Aug. 5, 2011 | WMU News
The event will be held on the St. Joseph River waterfront near Fort and Bond Streets in Niles, Mich., and will focus on "Trading on the Frontier at Fort St. Joseph." The project will produce an educational booklet on the fur trade and culminate with the open house. Also included will be 18th century fur-trading demonstrations, re-enactors, artifact exhibits and student archaeological digs.
The open house, now in its sixth year, has attracted thousands of visitors to see an actual archaeological dig in progress. For more information on the project and how to attend, visit wmich.edu/fortstjoseph or contact Kelley Walter at email@example.com or (443) 226-3626.
Since 1998, WMU faculty researchers and students have been working to identify, investigate and interpret the physical remains of Fort St. Joseph, one of the most important Colonial outposts in the western Great Lakes. WMU has conducted its annual archaeological field school at the site since 2002 in partnership with the city of Niles, the Fort St. Joseph Museum and Support the Fort, a nonprofit organization focused on preserving the fort's history. The dig has been opened to the public annually during the past several years and has attracted some 7,000 visitors eager to see the site and hear the explanations and interpretation of those working there.
The Fort St. Joseph Archaeological Project has netted more than 100,000 artifacts and animal bones associated with the French and English occupations along the St. Joseph River. The fort's strategic location near the St. Joseph-Kankakee river portage allowed the French (1691-1761) and later the British (1761-81) to control southern Lake Michigan.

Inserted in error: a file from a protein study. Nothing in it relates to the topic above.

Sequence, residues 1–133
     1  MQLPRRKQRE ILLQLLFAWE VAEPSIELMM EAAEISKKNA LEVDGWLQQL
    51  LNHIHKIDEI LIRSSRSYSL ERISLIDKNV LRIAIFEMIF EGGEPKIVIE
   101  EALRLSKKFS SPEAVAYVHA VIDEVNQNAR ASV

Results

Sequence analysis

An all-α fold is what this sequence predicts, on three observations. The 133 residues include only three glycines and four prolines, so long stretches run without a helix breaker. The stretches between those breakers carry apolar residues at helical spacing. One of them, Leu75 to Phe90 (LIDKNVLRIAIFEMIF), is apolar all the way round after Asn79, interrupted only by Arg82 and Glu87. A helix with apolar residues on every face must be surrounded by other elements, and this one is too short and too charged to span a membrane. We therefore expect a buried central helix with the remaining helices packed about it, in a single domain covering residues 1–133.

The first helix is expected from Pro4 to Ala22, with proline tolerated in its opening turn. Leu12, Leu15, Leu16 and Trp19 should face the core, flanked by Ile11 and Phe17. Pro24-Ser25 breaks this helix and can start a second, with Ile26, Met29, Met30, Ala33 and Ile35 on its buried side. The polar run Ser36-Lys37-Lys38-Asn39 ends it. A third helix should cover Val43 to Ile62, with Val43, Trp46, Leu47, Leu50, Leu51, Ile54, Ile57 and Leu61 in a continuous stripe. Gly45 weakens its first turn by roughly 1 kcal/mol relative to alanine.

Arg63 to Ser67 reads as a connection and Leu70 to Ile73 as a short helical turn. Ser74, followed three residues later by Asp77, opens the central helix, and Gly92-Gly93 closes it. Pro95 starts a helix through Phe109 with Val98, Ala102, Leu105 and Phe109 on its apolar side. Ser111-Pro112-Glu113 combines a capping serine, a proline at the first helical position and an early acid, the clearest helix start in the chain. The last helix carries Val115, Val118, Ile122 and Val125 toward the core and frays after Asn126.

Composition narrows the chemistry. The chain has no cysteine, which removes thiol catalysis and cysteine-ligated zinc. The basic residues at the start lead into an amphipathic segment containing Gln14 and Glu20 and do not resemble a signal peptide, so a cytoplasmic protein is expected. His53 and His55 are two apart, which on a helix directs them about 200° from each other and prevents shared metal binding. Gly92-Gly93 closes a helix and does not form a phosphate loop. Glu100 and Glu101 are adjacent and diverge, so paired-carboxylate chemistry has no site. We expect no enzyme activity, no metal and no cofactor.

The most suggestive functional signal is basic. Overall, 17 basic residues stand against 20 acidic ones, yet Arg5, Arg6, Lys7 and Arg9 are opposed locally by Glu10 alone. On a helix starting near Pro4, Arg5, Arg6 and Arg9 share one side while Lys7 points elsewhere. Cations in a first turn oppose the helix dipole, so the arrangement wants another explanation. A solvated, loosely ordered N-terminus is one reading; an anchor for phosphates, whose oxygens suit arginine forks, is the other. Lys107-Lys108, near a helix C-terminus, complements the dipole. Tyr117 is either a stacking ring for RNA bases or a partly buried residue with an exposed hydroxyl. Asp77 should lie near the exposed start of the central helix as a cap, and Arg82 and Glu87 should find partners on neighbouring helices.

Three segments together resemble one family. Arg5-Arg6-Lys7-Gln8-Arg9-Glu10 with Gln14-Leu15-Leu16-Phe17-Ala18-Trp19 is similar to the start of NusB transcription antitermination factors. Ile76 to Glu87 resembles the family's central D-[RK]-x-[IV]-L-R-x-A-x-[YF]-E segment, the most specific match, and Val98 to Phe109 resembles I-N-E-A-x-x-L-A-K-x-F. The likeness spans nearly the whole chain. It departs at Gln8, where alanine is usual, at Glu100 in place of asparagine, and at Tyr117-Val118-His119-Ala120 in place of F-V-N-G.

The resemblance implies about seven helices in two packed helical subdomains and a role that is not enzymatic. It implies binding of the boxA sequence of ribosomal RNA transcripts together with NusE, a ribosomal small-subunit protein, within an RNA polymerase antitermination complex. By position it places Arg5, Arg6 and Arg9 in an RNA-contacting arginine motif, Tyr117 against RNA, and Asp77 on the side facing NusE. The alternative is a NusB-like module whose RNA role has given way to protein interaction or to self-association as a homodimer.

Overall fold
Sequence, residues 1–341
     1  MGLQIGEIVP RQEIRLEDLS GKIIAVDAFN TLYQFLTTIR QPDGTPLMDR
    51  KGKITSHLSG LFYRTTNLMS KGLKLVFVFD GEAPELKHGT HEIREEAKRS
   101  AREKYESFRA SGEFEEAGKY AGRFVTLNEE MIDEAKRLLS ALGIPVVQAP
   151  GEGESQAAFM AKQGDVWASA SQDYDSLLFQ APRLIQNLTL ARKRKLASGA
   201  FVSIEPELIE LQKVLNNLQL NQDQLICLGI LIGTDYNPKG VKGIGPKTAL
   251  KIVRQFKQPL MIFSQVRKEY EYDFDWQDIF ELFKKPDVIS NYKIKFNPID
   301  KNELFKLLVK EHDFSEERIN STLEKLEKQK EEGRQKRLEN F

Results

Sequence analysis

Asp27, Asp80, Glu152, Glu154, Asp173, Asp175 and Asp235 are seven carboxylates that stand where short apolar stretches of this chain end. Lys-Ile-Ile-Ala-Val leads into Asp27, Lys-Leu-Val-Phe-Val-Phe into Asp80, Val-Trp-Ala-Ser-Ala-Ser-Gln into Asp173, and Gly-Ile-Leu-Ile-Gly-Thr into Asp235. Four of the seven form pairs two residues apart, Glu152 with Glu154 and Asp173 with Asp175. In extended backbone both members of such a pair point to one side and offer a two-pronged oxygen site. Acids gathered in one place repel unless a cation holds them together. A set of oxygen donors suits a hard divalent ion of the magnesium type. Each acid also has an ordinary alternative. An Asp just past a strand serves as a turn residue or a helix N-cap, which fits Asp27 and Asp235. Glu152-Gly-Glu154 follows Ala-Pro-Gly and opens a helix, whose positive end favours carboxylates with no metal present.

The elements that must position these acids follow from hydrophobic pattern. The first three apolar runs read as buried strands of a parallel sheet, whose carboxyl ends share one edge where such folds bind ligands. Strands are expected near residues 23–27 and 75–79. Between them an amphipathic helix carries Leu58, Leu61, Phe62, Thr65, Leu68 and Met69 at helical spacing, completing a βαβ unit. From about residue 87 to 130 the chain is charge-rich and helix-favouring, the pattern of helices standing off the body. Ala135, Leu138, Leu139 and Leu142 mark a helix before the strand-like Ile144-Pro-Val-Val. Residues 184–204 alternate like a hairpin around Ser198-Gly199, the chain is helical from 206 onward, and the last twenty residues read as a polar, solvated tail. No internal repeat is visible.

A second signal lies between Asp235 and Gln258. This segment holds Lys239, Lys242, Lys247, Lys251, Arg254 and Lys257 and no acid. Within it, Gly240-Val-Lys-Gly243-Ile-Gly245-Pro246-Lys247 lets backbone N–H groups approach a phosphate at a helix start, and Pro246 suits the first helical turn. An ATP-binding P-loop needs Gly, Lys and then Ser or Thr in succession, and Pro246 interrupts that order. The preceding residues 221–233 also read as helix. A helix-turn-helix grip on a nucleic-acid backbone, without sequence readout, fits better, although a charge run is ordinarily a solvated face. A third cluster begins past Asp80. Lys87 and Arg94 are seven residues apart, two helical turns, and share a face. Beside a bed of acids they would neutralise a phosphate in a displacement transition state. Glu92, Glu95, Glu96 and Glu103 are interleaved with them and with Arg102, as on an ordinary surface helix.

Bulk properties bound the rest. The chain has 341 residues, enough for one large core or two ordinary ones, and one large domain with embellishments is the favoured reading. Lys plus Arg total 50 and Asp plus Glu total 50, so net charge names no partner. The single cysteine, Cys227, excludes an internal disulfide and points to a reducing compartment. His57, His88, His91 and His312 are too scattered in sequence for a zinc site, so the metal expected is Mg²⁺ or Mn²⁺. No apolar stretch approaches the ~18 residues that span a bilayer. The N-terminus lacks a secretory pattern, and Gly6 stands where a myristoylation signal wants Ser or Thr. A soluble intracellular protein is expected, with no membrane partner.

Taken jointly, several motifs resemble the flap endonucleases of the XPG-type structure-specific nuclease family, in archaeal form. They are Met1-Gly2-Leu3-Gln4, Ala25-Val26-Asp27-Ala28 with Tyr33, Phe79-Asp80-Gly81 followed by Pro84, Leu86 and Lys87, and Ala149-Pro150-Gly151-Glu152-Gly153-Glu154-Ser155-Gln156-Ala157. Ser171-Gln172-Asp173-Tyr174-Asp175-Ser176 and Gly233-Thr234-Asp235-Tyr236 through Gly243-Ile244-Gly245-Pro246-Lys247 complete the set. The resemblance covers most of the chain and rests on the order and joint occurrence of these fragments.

This is the third year Fort St. Joseph received funding from the Michigan Humanities Council for its summer open house. Other sponsoring organizations include the city of Niles and Niles District Library.
WMU's 2011 grant is a part of a total $175,848 in grants made by MHC this year to support 14 public humanities projects in Michigan. The grants emphasize collaboration among cultural, educational and community-based organizations and institutions to serve Michigan's residents with public humanities programming. The organizations receiving grants will generate an additional $661,302 in cost share and $42,340 in gift revenue. In all, 24 applications were received.
"As our local communities continue to struggle to make ends meet, the Michigan Humanities Council grants program has become more important than ever," says Katie Wolf, MHC executive director. "The Michigan Humanities Council is dedicated to ensuring our families, schools and communities continue to have access to high-quality cultural experiences that also promote cultural tourism. We support projects that encourage residents and visitors alike to reflect upon and discuss those issues and events that comprise Michigan's rich cultural legacy, so together we can better understand each other and work toward a brighter, more informed future."
The Michigan Humanities Council, founded in 1974, is the state's independent, nonprofit affiliate of the National Endowment for the Humanities. For more information, visit michiganhumanities.org or call (517) 372-7770.